“I’ve never been inside a real gym!” exclaims a little voice overcome with excitement. Judging from the look on the other boys’ faces this would be their first encounter too. They had come here expecting nothing but 67 minutes of intensive boot camp.
In a matter of seconds, the once quiet aerobics hall is now filled with the delighted faces of the children from Euxolweni Shelter, their chaperones and the dedicated Rhodes University Health Suite group fitness instructors.
“Are you ready? 5…6…7…8,” shouts the young voice of Sivuyisiwe Situngu, a group fitness instructor at the Health Suite. The music begins and the boys eagerly join in. For some, it appeared to be the first workout in what may have felt like forever. They energetically continue until heavy breathing and sweat become evident. After all, the key to gyming is sweating, right?
As the time goes on, some have even started dancing to the music and already forgotten that the session was intended to be intensive. Leg workouts, squats, cardio, bunny jumps and a few cheats in-between. Now there are smiles and laughter.
“Today I learned that exercising can be fun and by having fun I stay healthy too,” says Akeem Abdul, an eager participant. “I’m not used to practicing but today I feel fresh. I learned new workouts that I can do,” said Abdul.
In passing, an overseer from Euxolweni Shelter can be heard asking “Did you have fun? You see, exercising doesn’t always have to be strenuous, you can enjoy it too!”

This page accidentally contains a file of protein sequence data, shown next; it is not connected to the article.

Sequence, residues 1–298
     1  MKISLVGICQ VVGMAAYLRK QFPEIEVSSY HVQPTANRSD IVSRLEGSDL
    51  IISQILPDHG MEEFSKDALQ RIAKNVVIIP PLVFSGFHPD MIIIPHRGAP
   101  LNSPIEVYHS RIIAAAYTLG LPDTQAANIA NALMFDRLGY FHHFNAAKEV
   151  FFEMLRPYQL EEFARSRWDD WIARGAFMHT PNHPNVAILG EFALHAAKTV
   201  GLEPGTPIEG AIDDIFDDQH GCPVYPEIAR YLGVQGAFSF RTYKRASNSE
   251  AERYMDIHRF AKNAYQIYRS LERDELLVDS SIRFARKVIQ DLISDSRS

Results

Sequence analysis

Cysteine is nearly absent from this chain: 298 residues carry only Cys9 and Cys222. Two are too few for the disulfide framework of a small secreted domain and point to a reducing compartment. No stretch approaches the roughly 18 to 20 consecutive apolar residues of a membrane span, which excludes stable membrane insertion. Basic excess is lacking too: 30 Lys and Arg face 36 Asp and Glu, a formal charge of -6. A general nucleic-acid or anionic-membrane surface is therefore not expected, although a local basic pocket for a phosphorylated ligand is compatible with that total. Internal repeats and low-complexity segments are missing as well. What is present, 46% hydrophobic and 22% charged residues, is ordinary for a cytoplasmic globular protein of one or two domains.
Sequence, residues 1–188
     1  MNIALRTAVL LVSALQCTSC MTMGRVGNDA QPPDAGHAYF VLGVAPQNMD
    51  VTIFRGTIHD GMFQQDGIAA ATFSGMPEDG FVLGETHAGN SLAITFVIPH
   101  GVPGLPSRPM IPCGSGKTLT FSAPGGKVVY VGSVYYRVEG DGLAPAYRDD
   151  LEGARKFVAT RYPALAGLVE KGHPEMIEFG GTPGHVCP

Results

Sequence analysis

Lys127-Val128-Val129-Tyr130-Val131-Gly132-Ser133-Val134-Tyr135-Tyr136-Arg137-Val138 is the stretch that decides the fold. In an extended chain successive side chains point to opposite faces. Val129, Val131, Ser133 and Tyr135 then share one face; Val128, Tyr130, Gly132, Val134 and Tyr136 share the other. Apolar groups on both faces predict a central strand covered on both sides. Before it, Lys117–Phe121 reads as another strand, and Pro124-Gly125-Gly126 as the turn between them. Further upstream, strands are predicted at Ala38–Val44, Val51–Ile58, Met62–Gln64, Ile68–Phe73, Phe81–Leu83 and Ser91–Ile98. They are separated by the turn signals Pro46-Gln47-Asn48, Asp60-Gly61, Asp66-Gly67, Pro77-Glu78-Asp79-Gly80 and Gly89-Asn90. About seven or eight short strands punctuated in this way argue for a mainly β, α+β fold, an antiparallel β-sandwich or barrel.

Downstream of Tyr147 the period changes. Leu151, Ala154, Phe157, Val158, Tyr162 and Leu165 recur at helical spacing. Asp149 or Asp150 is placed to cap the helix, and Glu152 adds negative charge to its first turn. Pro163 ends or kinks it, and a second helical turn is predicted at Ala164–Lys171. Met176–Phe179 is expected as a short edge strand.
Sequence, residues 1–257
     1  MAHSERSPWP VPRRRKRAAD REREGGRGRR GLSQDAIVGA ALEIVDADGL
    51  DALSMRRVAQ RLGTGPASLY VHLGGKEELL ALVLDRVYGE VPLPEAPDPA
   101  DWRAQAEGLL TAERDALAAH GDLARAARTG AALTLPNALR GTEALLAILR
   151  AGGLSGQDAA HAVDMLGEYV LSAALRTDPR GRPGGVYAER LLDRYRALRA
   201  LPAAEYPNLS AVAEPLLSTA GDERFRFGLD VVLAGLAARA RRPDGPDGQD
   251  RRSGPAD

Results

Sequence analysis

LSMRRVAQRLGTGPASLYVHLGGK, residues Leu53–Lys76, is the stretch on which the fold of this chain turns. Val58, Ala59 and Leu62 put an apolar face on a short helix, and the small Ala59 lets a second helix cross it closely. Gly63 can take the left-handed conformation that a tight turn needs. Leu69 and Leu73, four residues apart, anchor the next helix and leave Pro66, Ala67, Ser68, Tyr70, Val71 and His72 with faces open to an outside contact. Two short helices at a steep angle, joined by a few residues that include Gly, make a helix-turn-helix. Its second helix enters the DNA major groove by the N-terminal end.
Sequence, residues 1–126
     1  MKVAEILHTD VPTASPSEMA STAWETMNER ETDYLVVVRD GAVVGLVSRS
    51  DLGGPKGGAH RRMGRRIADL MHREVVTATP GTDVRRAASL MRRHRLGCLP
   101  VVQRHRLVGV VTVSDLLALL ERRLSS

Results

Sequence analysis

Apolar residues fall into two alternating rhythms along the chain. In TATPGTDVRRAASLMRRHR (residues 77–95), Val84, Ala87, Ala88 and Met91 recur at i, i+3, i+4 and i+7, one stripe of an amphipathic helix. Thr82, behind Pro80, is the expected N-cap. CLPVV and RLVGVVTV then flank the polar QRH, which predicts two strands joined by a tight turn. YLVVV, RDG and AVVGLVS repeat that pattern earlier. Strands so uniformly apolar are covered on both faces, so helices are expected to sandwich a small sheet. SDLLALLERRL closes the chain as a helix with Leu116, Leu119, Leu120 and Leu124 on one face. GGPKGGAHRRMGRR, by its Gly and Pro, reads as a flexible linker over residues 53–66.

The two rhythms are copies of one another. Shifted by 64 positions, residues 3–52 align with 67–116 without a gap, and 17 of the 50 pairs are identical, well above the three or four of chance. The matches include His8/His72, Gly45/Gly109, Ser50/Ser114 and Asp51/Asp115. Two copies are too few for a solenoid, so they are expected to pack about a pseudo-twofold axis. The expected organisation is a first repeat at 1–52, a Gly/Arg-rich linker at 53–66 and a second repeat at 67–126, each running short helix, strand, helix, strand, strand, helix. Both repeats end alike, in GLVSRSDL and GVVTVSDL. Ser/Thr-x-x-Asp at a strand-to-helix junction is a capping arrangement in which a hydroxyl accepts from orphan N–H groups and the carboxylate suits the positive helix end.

“The whole reason for this was to show the children what we do in the Health Suite. We chose a group of boys because we felt it would be a much needed experience for them. A lot of kids do not have the opportunity to come to the gym,” said Situngu.
The aim of the intensive boot camp was to encourage young children to keep healthy from an early age and to show that exercising can be an enjoyable part of their everyday routine.
“Skipping for instance is supposed to be a game that everyone plays in the township but that can also be a form of workout,” said Situngu.
The instructors unanimously agreed that there is more to staying healthy than just exercising. Through the workout the children were able to laugh and to play and that in itself is healthy. “Health holistically involves a lot of things and part of that is working out, as much as having fun, socialising and maintaining mental health,” said Situngu.